WANDONG, Australia (Reuters) - Australia's deadliest bushfire killed 76 people, as the inferno engulfed entire towns, destroying hundreds of homes and killing people as they tried to flee in cars or huddled in their homes, police said on Sunday.
The fire storm tore through several rural towns north of Melbourne on Saturday night destroying everything in its path, forcing one family to dive into a farm reservoir to survive and others to cower in a community shed while firefighters stood between them and a wall of flames.
"It rained fire," said one survivor, showing his singed shirt. "We hid in the olive grove and watched our house burn."
The remains of charred cars littered the smoldering towns on Sunday, some crumbled heaps after crashing into each other as their drivers frantically tried to escape the fire.
Police said the toll could continue to rise as they search the ruins of the wild fires and with 20 people with serious burns in hospital. Thousands of firefighters were still battling scores of fires in Victoria and New South Wales state on Sunday night.
"We are just picking them up (bodies) as we go through," a police spokesman told Reuters.
The previous worst bushfire tragedy was in 1983 when 75 people were killed in the "Ash Wednesday" fires.
The government put the army on standby and set up emergency relief funds, but also faced some pressure from Greens lawmakers who have been urging it to stiffen its climate-change policies to reduce the risk of more such summer disasters.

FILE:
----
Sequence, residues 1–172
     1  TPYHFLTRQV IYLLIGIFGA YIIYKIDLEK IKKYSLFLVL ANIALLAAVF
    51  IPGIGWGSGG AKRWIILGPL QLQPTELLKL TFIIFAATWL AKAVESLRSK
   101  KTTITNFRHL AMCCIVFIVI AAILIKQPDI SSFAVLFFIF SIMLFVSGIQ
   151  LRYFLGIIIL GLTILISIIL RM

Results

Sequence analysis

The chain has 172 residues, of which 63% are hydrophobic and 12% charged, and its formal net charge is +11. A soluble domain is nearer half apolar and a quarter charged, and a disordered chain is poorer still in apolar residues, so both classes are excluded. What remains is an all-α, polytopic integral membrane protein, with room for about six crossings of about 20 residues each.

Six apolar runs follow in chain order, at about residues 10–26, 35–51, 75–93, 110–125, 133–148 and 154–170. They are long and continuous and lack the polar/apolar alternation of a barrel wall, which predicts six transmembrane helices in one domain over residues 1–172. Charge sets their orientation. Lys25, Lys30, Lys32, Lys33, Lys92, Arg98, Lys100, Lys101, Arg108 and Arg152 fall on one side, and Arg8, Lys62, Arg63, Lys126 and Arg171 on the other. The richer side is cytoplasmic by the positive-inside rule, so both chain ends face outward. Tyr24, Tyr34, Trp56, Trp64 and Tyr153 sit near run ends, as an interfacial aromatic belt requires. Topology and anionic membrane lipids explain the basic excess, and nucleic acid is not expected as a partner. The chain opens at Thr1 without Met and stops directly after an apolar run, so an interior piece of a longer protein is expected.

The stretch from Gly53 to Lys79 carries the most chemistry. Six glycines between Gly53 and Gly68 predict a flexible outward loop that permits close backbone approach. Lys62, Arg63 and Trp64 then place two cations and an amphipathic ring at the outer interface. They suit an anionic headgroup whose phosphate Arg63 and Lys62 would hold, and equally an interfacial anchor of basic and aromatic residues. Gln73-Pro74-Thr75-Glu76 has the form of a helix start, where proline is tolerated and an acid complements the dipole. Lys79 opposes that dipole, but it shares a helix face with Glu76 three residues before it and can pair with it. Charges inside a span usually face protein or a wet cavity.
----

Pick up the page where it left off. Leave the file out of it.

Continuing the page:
Survivors said the Victorian inferno reached four storeys high and raced across the land like speeding trains.
"It went through like a bullet," Darren Webb-Johnson, a resident of the small rural town of Kinglake, told Sky TV.
"The service station went, the take-away store across the road went, cylinders (exploded) left, right and centre, and 80 percent of the town burnt down to the ground."
State broadcaster ABC showed pictures of a small town, Marysville, razed to the ground.
"Hell and its fury have visited the good people of Victoria," said Australian Prime Minister Kevin Rudd, visiting the burnt-out region. "The nation grieves with Victoria."
"Many good people now lie dead. Many others lie injured."
The main fires are around towns about 80 km (50 miles) north of Melbourne, hitting both semi-urban and rural areas.
Firefighters say more than 700 homes have been destroyed in the fires across Victoria state so far this weekend, the vast majority in the worst-affected areas north of Melbourne.
Wildfires are a natural annual event in Australia, but this year a combination of scorching weather, drought and tinder-dry bush has created prime conditions for blazes to take hold -- and also raised pressure on the government's climate-change policy.
Greens leader Bob Brown, who has condemned the government's recently announced plan to curb greenhouse gas emissions as ineffectual, said summer fires would only worsen unless Australia and other nations showed more leadership on climate change.
Dazed survivors, wrapped in blankets, wandered through the charred remains on Sunday, some crying, not knowing whether friends of family had survived.
At the town of Wandong, about 50 km (30 miles) north of Melbourne, one survivor said he had found the body of a friend in the laundry of a burnt-out house.
"Another 20 seconds and we were gone. We lost our dogs. There have been a lot of dead people. My next door neighbour didn't make it," said one survivor.
The main Victorian bushfire had burnt some 3,000 hectares of mainly national park on Saturday when temperatures soared close to 50 degrees Celcius (122 Fahrenheit). Within hours, the fire had burnt some 30,000 hectares after the wind changed direction.
Overall, fires were still burning across about 2,000 square km (770 sq miles) in areas north of Melbourne in Sunday, with a few towns still under threat, the ABC said on its website.
(Additional reporting by Mark Bendeich and Michael Perry)